Archaeologists in Germany have recovered a hoard of precious artefacts found in a forest in the German state of Rhineland-Palatinate, by illicit treasure hunters. The looters had located the hoard, where objects of gold and silver are included, using a metal detector.

As reported in The Local newspaper, among the finds are a number of leaf-shaped solid gold brooches, associated with “part of the decorations from a coat of high office which once belonged a very important Roman ruler”. They date from the Late Antiquity period, which coincides with the decline of the Roman Empire. The hoard also includes “a solid silver bowl set with gold and stones and a set of gold and silver plated statuettes which formed part of a military commander’s portable chair”.

Archaeologists who examined the hoard say this might be the largest and most important collection of Late Antiquity artefacts ever found in a German site. It is estimated that the collection as a whole worth more than €1 million.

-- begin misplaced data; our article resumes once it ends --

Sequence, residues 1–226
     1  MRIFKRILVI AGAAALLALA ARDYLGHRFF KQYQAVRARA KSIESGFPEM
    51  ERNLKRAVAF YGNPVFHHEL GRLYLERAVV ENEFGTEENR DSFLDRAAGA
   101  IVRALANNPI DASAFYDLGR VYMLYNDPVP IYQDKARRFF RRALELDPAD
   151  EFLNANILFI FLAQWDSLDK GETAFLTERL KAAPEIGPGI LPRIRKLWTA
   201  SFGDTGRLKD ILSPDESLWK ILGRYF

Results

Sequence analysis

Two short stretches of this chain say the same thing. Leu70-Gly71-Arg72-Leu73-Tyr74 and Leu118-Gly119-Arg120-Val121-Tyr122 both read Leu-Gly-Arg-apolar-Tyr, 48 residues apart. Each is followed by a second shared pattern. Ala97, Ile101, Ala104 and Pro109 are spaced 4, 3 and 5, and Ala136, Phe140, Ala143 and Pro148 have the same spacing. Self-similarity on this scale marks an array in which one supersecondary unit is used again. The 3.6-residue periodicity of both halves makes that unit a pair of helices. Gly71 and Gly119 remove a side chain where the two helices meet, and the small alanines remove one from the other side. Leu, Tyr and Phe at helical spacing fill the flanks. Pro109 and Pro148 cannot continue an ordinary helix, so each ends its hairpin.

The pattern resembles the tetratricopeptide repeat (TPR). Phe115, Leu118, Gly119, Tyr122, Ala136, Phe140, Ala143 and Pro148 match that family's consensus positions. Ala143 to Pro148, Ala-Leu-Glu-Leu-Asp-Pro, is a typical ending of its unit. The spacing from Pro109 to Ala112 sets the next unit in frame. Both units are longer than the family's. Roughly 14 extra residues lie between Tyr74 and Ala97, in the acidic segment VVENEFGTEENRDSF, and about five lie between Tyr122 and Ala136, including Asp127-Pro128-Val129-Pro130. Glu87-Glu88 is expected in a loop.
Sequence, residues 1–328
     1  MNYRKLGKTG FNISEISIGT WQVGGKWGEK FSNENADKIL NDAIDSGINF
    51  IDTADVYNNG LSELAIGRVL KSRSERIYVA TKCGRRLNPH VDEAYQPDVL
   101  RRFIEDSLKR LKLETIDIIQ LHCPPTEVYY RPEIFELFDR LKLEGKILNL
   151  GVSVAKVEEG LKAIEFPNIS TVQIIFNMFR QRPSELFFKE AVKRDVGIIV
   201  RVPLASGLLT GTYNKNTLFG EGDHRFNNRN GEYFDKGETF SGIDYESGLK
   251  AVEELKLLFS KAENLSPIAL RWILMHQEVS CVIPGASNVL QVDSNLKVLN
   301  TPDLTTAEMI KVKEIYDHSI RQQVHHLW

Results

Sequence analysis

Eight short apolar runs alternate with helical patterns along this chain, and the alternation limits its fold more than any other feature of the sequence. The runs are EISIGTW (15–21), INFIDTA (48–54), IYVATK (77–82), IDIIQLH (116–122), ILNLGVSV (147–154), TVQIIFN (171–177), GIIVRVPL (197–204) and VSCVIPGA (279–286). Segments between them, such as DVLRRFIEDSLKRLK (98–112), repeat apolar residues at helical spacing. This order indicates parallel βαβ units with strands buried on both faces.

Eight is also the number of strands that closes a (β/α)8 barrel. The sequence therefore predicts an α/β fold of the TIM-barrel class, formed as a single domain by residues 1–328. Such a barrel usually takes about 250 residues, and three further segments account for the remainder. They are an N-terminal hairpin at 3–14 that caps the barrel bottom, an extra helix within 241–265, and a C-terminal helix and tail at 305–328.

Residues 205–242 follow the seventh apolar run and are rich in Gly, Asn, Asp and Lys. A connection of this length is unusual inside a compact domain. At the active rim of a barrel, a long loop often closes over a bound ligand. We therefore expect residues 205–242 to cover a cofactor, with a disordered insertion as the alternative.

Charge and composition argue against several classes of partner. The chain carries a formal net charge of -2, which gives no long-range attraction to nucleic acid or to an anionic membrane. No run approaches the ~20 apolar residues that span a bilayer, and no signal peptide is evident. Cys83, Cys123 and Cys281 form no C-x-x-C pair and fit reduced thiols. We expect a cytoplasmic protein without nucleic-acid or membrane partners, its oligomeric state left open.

Still, it is suspected that the hoard contained much more artefacts, many of which have been lost as the finders are though to have sold them on the black market even before the group come to the authorities’ attention.

“The looter rendered up [the pieces] himself – but only under pressure from investigators,” said Ulrich Himmelmann, head of the Speyer branch of the state archaeology authority.

Prosecutors in the west German state are now investigating the case and will attempt to uncover any further missing pieces, said von Berg, without elaborating further on the circumstances or charges against the finder.

Another element in consideration is related to the conditions in which the hoard was buried. Originally owned by a notable Roman, it might have been hidden by him for safekeeping just before an expected barbaric invasion. Alternatively, the barbarians themselves, probably Teutons who are famous for pillaging areas in the North of the crumbling Roman Empire around 1,500 years ago, might have plundered a Roman settlement, took it from there and then buried it in order to take it when they would return -although they never did.

At any case, according to a statement by Rhineland- Palatinate Culture Minister Doris Ahnen, the hoard is to appear on display to the public in a special exhibition, while the authorities will keep investigating to locate any missing pieces.